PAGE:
FOR IMMEDIATE RELEASE
Pittsburgh, PA; May 24, 2023: Advanced location-based advertising technology has been around for more than a decade but largely only accessible to large organizations. Qujam seeks to change this with its launch as a self-serve geofence advertising platform tailored to the needs of small businesses and agencies.
Geofence advertising uses GPS technology to allow users to deliver targeted ads to potential customers who have been physically present at a selected location. It works by setting up a virtual “fence” (AKA a geofence) around a specific geographic area. When a GPS-enabled device enters the location, its device ID is collected and added to a list of potential targets for advertising campaigns.
“The reason most companies don’t know about geofence advertising is that the people who provide it aren’t focused on most companies,” said Jeff Swartz, founder and CEO of Qujam and Ethic Advertising. “Ethic Advertising has received hundreds of requests from our contacts to use geofence advertising on their own terms.”
“That’s why we created Qujam,” he continued. “To provide the best technology in an easy-to-use system that empowers small business owners.”
Qujam’s platform offers three forms of advertising: (1) banner ads that can show up on mobile apps and websites, (2) OTT CTV (over the top and connected TV), which includes advertising on streaming video apps (Examples of these platforms include Pluto, Paramount+, SlingTV, etc…), and (3) video pre-rolls. (Examples of these include ads that run before video clips on news sites, blogs, how-to-websites, etc…) Currently, Qujam can run ads through thousands of publishers across over 50 exchanges.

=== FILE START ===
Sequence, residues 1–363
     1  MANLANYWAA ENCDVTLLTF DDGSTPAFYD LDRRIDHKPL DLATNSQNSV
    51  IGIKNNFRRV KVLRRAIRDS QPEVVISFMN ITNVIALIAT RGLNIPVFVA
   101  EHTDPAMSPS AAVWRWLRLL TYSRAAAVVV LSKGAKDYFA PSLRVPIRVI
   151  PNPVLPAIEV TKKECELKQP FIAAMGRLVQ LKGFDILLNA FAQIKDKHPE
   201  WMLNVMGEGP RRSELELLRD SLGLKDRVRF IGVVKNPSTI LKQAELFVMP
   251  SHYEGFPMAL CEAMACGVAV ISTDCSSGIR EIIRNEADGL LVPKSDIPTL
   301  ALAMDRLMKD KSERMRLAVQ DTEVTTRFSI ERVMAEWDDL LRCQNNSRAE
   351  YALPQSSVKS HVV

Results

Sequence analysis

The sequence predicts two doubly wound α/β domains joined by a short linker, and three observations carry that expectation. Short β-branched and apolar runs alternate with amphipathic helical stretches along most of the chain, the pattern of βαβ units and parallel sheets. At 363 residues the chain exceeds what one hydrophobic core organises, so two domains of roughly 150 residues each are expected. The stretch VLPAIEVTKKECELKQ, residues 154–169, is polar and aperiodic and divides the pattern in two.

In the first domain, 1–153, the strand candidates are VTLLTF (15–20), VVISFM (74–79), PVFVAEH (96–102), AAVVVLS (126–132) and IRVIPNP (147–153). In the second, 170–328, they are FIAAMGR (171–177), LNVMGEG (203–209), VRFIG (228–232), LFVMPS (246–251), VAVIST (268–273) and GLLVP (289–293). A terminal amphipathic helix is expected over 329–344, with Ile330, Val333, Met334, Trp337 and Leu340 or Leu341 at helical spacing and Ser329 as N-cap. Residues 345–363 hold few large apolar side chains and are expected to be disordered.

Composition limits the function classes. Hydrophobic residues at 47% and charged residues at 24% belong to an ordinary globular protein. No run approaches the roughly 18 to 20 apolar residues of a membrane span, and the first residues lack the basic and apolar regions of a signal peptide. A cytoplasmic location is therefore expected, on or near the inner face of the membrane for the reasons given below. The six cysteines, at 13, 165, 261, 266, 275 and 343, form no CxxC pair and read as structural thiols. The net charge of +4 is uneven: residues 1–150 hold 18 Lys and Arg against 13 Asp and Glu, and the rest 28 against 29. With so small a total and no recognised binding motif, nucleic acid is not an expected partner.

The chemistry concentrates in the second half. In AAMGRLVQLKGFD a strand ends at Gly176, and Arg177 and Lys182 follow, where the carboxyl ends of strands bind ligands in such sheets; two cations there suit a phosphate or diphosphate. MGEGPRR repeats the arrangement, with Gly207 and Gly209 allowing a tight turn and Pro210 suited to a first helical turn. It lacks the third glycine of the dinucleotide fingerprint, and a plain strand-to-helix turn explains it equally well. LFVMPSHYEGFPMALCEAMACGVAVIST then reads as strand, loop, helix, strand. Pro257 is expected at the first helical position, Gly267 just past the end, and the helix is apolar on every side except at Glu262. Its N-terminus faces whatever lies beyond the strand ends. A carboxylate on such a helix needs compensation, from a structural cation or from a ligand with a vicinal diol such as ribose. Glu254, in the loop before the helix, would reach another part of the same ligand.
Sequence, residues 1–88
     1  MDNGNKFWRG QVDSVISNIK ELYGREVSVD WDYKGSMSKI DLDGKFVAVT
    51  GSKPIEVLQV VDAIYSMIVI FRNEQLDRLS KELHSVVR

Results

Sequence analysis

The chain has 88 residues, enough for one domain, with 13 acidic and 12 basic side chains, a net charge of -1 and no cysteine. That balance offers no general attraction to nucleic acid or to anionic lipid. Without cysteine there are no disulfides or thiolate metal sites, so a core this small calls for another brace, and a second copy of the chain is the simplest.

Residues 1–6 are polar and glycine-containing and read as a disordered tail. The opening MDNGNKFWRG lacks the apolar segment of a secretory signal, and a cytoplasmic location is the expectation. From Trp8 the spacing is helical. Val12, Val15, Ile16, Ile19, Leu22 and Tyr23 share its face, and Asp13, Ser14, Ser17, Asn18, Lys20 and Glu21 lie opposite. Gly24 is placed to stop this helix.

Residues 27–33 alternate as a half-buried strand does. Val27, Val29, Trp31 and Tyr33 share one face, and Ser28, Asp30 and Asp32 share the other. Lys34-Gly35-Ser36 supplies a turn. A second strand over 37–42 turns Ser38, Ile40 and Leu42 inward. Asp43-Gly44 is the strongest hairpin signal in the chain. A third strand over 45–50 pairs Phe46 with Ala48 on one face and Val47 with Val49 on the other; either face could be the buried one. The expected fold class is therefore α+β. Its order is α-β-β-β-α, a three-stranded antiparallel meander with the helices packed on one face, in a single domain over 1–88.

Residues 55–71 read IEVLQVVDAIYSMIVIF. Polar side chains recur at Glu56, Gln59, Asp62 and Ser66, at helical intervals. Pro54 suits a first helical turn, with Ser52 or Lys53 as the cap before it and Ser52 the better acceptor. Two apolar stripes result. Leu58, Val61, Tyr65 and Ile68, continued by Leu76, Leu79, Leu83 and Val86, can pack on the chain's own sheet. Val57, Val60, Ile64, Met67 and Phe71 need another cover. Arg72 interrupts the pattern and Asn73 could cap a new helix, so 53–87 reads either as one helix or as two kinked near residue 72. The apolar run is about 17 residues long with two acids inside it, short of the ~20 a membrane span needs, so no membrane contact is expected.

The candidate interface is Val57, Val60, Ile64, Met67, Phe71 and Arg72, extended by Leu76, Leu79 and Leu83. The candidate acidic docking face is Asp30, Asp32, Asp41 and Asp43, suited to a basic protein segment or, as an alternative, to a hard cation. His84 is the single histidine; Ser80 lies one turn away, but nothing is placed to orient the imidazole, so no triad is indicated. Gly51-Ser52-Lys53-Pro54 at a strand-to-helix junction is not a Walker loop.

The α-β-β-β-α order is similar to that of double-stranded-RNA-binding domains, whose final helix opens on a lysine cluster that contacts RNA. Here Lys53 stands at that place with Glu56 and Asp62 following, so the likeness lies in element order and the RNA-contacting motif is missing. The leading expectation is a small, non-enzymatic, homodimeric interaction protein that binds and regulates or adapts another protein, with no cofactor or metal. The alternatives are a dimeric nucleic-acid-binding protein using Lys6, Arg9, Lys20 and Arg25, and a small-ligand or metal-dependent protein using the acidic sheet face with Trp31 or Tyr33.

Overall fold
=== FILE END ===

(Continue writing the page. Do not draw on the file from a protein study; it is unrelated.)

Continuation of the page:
“In America, 90% of phones have GPS enabled in the background. This is what allows users to track their location and use maps. Qujam uses the same technology,” explains Swartz. “It also works across multiple devices, meaning if the original device is connected to a smart TV, tablet, mobile device, or computer, it allows them to serve ads there too.” This is known as Connected Device technology.
During development, Qujam identified “6 closed doors” of geofence advertising that make it difficult for small businesses to take advantage of the technology. These include high minimums, sometimes more than $10,000; high cost per thousand (CPM); managed-only options that prevent them from doing it themselves; inferior tech; no reporting dashboards, and not accepting credit cards. Qujam addresses these issues head-on and offers a fully do-it-yourself platform with a real-time reporting dashboard.
“If you can run a boosted Facebook post, then you can use Qujam. It is designed to be very simple,” says Swartz. “The most important thing for users to understand is where their audience is and what creative assets they need to upload.”
Qujam’s platform also offers the ability to track ad engagement and whether they have converted to a physical location, allowing businesses to measure foot traffic and determine the effectiveness of their campaigns, making data-driven decisions.
“We believe that small businesses should have access to the same tools and technology that large corporations have leveraged to make programmatic advertising an $86 billion-dollar-a-year industry,” says Swartz. “That’s why we created Qujam. Our goal is to empower small businesses and agencies to run successful geofencing campaigns and grow their businesses on their own terms without being taken advantage of cost-wise.”